BY Ben Marcus in Profiles | 02 JAN 01
Featured in
Issue 56

The Least You Need to Know About Bones

Fiction in response to the work of Richard Tuttle

BY Ben Marcus in Profiles | 02 JAN 01

A man and woman sometimes gather in the evening to discuss their future projects together, a conversation that takes place in a hushed, bone-free room. They tap the walls and call out some of the more popular names for people, to make sure they are alone.

The names they recite are shaped inside a bone hollow called a 'mouth'. Their conversation most often freely circles the shame zone that hovers over the table. They take turns arranging the net of bones their skin conceals so that their bodies appear to move. She lifts a small bone resembling a finger, he slides a long, heavy one into place over a chair and expels a hotness called 'breath'. When they discuss children, they are trying to discover if they can create a new set of bones together. Their difficulties are architectural: can the house support the bones, or will structural changes be required? They submit sketches across the table, editing each other's ideas about the new person. When they rehearse the names they might call it, and illustrate their visions of its ultimate shape and colour, each listens privately for a vibration in their bones, pressing fingers into their flesh to determine what they might feel.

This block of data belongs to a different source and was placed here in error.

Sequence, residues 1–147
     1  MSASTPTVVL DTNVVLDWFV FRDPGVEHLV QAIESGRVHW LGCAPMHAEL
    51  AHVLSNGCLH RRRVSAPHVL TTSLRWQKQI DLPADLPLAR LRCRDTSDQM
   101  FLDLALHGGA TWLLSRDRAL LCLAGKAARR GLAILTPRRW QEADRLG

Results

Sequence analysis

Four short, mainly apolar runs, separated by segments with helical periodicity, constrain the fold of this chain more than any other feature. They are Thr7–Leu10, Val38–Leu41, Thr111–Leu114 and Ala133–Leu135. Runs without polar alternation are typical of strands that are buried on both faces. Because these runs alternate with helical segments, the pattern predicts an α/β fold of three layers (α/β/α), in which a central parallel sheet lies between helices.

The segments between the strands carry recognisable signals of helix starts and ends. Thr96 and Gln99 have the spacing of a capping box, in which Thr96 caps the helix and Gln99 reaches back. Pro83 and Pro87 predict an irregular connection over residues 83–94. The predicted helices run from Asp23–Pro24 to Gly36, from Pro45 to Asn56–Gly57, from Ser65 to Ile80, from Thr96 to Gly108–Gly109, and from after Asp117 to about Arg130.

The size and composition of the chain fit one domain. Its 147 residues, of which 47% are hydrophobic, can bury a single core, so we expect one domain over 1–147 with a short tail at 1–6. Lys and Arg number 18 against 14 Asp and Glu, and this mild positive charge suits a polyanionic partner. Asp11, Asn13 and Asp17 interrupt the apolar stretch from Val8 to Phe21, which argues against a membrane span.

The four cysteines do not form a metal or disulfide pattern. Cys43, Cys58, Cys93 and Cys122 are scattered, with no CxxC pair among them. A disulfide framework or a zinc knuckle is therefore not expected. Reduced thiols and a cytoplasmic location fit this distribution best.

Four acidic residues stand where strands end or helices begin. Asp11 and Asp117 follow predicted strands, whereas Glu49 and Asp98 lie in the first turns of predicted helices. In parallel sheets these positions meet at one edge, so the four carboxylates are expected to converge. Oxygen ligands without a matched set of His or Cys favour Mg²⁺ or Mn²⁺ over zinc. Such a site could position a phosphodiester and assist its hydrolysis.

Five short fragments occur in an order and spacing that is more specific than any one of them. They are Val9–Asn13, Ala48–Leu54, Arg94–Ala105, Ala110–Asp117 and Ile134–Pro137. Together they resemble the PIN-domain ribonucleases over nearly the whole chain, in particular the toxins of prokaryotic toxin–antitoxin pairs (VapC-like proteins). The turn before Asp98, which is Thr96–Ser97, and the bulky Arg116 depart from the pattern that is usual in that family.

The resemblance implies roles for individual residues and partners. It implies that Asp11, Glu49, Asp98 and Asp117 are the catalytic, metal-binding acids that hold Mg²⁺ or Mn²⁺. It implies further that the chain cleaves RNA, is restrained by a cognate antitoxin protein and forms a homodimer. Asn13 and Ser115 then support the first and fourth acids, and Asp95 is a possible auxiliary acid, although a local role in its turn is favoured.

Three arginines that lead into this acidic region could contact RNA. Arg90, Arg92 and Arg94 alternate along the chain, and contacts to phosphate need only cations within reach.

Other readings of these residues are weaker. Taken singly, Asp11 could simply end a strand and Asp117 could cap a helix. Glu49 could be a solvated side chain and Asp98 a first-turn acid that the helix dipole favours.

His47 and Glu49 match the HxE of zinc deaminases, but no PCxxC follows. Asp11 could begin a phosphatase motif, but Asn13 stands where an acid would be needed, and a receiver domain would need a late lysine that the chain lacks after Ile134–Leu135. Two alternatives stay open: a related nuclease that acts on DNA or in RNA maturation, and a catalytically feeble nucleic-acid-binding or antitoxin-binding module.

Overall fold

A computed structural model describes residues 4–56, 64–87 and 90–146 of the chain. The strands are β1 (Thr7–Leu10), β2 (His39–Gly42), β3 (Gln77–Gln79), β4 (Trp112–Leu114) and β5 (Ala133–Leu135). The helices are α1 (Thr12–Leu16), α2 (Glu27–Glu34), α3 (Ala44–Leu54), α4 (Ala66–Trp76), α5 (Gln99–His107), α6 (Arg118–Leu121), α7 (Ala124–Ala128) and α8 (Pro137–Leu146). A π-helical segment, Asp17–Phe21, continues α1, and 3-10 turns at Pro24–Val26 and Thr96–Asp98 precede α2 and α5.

Bones prevent the heart from beating so loudly it would deafen its owner. They were first called 'listening sticks' because they absorbed the body's sounds and allowed men and women to hear their own voices during intricate skirmishes in the home. This is why settlers erected mothers-of-bone in loud rooms such as the kitchen. Only later did people bag and animate the mothers so that they might move from room to room, accomplishing broader functions within the family. Boneless people did and said little. They were not capable of fighting. They could hide inside each other's bodies. Without bones, a person entering a room would deafen the people stationed there. He would have to throw blankets in advance of his body, to baffle the sound, an application of fabric that amounted to laying a heavy rug in the room; but sharp-bodied girls could be smothered in this way. Sometimes, instead of blankets, he would throw another person into the room ahead of him, an act referred to as 'turning on the light'. These people were said to have a blinding effect, particularly if they arrived unannounced and appeared to be strangers. Loud people have thin, hollow bones. They can be broken in half and discarded in a pit. They snap as easily as children, but they will not burn as long on a fire. If a loud person tries to store his voice in a jar, he will not be able to, unless the jar is a mouth worn on the face of someone in his family, which he must prize open with his fingers while shouting deep into the hole.